You can modify this URL using the following yaml:

spring:
  security:
    saml2:
      relyingparty:
        registration:
          samlexample:
            acs:
              location: "{baseUrl}/login/saml2/sso/samlexample"

Service Provider SAML Configuration

Within our application.yml file, we setup our relying party registration to our identity provider:

server:
  port: 8080
  servlet:
    context-path: /sample-sp

logging:
  level:
    root: DEBUG
    org.springframework.web: INFO
    org.springframework.security: INFO
    org.springframework.security.saml: INFO
    org.opensaml.xmlsec: TRACE

spring:
  security:
    saml2:
      relyingparty:
        registration:
          samlexample:
            signing:
              credentials:
                - private-key-location: "classpath:credentials/private.key"
                  certificate-location: "classpath:credentials/public.cer"
            identityprovider:
              entity-id: codetinkering.com
              singlesignon:
                sign-request: false
                url: http://localhost:8081/sample-idp/saml/idp/select
              metadata-uri: http://localhost:8081/sample-idp/saml/idp/metadata

Copy the private.key and public.cer files created in previous steps and place them within a folder named credentials within our project’s resources folder. This allows our keys and certs to be available to our application via Java’s classpath loader.

In this configuration, I have disabled the request signing via the sign-request parameter. Should you want this feature enabled, you can change this value to true. It should be noted that depending on your identity provider configuration, you may need to leave this set to false.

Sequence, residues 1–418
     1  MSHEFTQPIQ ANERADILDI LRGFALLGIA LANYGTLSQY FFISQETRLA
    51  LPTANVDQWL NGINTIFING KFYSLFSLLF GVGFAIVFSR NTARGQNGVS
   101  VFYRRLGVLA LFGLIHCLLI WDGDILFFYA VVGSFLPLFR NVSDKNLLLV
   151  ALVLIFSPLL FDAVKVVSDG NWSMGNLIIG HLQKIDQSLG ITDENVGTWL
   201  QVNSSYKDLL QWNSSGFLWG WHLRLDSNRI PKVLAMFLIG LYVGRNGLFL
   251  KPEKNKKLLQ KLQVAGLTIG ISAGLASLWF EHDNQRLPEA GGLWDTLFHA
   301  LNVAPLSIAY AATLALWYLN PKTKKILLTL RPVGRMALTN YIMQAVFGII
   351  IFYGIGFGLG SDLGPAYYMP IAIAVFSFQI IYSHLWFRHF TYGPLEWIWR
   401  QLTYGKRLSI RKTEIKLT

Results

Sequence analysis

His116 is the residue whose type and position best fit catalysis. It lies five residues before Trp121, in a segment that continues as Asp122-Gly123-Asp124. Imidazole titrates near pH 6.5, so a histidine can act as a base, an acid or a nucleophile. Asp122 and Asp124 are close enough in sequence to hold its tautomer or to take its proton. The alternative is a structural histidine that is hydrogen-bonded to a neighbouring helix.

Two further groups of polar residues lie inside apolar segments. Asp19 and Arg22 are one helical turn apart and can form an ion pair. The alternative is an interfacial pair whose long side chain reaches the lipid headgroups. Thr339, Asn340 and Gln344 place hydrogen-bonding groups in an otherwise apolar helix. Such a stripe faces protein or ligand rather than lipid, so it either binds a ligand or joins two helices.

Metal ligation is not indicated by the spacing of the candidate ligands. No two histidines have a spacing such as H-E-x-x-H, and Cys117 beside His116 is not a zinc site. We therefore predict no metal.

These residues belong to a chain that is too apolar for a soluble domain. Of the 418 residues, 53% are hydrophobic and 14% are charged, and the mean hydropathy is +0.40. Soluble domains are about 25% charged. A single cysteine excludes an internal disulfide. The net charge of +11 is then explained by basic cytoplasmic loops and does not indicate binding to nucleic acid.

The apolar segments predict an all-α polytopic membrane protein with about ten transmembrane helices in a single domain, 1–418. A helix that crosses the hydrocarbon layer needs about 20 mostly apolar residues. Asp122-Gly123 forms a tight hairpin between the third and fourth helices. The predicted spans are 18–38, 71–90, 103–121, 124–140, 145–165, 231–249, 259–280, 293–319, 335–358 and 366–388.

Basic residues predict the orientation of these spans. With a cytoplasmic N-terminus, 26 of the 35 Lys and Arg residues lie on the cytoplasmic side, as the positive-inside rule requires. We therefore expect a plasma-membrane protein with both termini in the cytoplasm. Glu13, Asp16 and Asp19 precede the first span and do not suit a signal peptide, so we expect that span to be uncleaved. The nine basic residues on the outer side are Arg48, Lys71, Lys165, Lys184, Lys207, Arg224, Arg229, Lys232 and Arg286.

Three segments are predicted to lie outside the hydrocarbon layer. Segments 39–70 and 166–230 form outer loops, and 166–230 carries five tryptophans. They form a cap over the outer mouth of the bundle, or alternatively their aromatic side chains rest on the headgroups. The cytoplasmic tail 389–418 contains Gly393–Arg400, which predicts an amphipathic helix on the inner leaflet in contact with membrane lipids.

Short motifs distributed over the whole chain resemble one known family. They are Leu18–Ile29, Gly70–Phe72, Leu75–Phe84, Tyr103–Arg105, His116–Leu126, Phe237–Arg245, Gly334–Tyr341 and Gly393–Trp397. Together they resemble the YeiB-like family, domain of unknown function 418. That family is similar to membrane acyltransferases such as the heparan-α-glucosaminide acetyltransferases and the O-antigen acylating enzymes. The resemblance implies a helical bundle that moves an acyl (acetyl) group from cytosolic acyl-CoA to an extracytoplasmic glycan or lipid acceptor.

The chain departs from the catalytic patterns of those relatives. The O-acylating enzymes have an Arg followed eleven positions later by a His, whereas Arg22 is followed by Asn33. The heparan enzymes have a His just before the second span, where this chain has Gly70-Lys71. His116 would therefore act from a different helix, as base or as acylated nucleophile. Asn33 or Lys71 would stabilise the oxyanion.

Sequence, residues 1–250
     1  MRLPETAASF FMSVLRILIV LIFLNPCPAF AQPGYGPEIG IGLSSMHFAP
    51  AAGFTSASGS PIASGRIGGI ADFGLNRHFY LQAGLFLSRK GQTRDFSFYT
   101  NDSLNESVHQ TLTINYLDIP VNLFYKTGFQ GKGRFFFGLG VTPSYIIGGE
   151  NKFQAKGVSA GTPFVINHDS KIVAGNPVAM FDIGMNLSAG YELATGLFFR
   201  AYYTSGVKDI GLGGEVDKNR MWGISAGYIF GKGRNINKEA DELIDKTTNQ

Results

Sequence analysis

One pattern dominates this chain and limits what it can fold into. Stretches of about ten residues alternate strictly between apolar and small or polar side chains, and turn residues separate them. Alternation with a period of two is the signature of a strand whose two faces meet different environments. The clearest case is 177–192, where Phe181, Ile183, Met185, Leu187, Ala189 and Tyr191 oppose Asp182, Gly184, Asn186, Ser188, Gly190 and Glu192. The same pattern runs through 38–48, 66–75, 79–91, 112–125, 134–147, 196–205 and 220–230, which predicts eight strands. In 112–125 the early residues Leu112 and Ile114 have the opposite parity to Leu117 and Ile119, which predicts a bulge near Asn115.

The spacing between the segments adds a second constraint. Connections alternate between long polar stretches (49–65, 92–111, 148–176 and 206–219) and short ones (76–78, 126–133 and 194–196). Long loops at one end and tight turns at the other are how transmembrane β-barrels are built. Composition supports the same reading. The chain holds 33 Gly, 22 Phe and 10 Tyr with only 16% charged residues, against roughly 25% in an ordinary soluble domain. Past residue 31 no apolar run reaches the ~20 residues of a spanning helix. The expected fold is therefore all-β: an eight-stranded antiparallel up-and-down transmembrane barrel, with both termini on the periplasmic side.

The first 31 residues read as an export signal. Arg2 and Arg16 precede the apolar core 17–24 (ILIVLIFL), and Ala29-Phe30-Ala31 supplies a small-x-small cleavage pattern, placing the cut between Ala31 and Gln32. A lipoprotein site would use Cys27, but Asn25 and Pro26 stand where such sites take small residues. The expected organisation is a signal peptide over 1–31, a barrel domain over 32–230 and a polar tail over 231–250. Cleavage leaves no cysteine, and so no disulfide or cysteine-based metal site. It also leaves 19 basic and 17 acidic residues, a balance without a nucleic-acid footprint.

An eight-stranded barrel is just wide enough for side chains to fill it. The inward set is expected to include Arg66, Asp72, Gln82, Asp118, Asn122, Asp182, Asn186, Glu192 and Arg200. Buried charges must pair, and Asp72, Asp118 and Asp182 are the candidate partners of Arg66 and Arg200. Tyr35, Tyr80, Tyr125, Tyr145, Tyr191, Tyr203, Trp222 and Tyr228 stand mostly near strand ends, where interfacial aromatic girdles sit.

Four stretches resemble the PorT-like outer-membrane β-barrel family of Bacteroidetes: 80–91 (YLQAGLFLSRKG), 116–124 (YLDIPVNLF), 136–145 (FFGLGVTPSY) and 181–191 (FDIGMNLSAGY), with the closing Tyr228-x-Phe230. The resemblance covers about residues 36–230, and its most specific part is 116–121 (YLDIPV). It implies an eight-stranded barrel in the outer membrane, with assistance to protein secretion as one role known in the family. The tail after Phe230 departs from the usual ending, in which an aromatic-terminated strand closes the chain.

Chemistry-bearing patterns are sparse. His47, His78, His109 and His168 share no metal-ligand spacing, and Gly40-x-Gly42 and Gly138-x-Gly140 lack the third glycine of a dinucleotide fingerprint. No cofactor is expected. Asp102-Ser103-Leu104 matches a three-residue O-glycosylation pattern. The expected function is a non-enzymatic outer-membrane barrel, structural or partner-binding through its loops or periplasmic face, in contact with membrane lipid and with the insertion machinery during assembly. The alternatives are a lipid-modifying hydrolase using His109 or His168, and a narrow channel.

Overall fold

Service Provider Page Template

Add the following to your templates directory of your app’s resources folder:

<!doctype html>
<html xmlns="http://www.w3.org/1999/xhtml" xmlns:th="https://www.thymeleaf.org" xmlns:sec="https://www.thymeleaf.org/thymeleaf-extras-springsecurity5">
    <head>
        <title>Spring Security SAML2</title>
    </head>
    <body style="background-color: aquamarine;">
        <h1>SAML2 Login Example with Spring Security 5.2</h1>
        <div>You are logged in as <span sec:authentication="name"></span></div>
        <div>
            <form th:action="@{/logout}" method="post">
                <input type="submit" value="Logout" />
            </form>
        </div>
    </body>
</html>

This is a simple page which will show the username of the user who is logged in, along with a logout button which will sign the user out of the identity provider.